Then about a year ago I slipped deeper into the black hole. I bought my first set up for tying my own flies. This led to some exhaustive research on the bugs fish eat and how to imitate them with feathers and fur. It was not until I started tying my own flies that I truly started to get a grasp of what fly fishing was about. There are so many aspects to it, it is not just tying on whatever is in your fly box and hoping that is what fish are eating. Fish will tip their hand more often than not, but it is always a cat and mouse game. You CAN get lucky but you elevate your chances of success by having a little knowledge on your side.
So I guess it is time to face the facts. I must accept what I have become. A fly flinger that turns over rocks and examines strands of algae searching for signs of bug life. It's been a rather rapid journey but 5 fly rods later and with a fly box full of over 200 mayfly emerger patterns alone I can admit it, I am a fly fishing nerd. Mind you not as big a nerd as some, but I will get there someday, you will see.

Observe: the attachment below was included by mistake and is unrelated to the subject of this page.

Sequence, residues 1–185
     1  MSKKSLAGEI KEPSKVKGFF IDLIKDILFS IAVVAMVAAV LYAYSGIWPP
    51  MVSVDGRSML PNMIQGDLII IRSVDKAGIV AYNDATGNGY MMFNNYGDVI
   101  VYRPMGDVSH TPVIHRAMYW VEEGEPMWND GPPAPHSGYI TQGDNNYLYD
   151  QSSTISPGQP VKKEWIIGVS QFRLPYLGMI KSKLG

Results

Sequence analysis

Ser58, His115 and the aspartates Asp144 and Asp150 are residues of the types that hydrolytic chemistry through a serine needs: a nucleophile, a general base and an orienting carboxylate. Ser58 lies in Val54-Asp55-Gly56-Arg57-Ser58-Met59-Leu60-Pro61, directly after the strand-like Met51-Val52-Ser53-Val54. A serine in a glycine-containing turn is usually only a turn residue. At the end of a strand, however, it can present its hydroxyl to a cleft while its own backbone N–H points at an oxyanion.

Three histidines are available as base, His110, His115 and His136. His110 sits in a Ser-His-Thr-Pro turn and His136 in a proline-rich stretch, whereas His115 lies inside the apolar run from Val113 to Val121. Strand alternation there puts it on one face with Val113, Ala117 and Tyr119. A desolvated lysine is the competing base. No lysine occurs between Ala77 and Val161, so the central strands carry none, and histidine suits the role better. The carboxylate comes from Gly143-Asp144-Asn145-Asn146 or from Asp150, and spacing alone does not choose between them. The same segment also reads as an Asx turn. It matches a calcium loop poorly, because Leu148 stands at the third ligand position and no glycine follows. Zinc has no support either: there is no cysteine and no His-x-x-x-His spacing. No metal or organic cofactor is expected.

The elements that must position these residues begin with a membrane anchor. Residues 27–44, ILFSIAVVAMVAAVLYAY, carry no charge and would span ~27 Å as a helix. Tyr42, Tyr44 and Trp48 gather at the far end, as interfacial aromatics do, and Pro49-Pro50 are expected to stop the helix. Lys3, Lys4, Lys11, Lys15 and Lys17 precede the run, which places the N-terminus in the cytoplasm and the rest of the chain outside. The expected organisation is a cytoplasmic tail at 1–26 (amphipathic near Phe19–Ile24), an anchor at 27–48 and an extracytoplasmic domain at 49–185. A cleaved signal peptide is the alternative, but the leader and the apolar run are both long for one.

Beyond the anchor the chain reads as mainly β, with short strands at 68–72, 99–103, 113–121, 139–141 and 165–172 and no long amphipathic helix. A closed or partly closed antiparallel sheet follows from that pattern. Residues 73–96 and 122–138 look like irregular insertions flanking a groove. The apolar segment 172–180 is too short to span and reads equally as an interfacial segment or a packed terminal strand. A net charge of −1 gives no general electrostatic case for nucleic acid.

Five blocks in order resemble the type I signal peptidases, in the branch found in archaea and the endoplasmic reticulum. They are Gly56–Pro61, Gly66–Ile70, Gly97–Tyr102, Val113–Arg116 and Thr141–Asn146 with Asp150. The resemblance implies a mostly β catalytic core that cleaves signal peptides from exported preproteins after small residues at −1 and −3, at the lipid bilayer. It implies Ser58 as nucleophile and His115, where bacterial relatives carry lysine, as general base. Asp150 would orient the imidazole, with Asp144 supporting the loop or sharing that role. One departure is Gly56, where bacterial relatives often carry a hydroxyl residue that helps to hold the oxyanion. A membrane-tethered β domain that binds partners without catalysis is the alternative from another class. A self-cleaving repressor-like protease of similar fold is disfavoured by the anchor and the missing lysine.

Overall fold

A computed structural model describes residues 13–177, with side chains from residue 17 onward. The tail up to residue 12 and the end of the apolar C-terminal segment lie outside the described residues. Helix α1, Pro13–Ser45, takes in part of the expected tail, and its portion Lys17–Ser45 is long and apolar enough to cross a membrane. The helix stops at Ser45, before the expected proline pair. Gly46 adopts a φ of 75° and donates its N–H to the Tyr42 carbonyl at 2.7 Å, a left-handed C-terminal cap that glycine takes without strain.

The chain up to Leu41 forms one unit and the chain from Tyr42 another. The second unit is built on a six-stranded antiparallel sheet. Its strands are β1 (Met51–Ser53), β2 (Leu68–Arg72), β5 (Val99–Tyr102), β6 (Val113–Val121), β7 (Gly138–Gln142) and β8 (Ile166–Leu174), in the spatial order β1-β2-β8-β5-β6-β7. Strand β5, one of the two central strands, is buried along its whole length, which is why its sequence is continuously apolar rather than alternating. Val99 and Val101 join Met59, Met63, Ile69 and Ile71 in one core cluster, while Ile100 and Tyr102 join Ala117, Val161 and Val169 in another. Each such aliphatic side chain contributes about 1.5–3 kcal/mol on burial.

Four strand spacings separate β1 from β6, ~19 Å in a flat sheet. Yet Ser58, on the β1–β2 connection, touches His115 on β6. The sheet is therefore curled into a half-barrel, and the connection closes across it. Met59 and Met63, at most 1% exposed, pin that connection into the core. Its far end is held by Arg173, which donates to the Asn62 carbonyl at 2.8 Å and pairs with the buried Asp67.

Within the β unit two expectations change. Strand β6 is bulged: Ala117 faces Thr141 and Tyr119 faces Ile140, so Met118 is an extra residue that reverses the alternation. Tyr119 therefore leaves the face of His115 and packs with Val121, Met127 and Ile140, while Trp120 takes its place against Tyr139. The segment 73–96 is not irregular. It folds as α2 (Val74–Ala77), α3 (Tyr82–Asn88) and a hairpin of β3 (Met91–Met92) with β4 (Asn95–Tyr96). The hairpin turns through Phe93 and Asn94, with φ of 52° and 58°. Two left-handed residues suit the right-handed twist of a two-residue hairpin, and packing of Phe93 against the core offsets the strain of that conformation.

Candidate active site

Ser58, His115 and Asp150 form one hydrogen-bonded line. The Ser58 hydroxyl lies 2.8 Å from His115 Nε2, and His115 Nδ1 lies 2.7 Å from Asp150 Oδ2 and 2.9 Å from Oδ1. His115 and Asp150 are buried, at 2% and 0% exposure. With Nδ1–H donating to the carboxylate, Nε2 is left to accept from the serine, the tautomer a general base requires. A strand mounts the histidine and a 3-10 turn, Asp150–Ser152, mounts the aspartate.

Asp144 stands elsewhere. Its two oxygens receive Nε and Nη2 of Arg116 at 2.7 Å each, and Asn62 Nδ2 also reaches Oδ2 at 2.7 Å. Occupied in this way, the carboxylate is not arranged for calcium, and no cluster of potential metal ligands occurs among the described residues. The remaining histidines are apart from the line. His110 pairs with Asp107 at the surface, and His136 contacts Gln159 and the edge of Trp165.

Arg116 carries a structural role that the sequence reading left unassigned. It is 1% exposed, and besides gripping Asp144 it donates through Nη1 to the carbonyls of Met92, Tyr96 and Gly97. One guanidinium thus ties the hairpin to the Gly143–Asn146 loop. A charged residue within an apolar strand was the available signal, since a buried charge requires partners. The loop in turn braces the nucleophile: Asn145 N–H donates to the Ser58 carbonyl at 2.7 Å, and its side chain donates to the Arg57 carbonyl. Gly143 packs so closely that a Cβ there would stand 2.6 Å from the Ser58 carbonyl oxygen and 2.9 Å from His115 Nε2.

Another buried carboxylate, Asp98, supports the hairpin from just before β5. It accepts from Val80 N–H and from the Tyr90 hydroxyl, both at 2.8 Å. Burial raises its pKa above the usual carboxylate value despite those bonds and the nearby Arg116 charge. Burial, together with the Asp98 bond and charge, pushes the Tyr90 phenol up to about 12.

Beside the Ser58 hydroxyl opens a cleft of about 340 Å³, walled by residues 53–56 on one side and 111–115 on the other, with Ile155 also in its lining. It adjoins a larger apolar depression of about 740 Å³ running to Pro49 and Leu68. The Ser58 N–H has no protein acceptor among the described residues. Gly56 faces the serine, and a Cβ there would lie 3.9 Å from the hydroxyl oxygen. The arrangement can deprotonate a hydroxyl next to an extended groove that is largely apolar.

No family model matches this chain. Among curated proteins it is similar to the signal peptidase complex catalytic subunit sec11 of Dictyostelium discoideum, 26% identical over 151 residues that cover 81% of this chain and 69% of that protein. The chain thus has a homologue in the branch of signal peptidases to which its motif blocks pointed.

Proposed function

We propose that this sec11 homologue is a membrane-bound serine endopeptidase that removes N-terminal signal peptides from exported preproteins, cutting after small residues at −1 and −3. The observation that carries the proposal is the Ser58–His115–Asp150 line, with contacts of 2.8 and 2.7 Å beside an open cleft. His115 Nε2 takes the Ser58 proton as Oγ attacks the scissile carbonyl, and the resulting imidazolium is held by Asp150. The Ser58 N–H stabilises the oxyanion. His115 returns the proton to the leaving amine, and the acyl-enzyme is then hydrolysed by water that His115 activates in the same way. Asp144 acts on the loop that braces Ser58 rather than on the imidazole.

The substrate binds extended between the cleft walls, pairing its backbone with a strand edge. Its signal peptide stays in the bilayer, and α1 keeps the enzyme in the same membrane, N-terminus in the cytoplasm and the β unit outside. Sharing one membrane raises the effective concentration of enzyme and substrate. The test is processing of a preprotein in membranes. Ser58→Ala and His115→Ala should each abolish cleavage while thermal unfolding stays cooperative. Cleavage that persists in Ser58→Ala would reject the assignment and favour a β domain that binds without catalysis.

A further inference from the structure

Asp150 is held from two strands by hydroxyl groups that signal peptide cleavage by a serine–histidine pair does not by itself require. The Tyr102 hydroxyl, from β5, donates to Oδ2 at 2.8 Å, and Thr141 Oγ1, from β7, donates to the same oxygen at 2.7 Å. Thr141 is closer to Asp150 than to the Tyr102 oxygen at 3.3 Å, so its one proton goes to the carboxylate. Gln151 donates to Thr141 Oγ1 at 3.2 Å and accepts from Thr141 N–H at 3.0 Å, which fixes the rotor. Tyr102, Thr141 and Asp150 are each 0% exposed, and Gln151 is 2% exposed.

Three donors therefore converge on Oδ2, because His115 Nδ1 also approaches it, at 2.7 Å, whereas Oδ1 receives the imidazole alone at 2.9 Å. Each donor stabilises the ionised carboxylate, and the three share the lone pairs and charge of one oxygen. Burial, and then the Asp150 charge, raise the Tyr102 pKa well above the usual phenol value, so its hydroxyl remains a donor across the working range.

I understand this is not an unheard of journey for a fish that has very close relatives (Steelhead)that routinely travel multiple river systems and thousands of miles to reach their spawning grounds. However it did give me a new perspective on the fish I catch and where they really live. Probably not in one specific hole.
I arrived at the river around 6:20pm and hopped out of the truck eager to rig up and hit the water. I put the waders on and went to grab my rod when I discovered it was not present. Somehow when I went inside to say my goodbyes I had to set down something and that thing was my rod. Then in my hurry to get out I had forgotten to get it on my way out the door. Not only that but I soon discovered that my vest was stripped of supplies as well so all that I had was my waders, fly box, and a spool of 4lb test mono. To make matters worse fish were rising all over in the pool I was parked at. It was pure torture.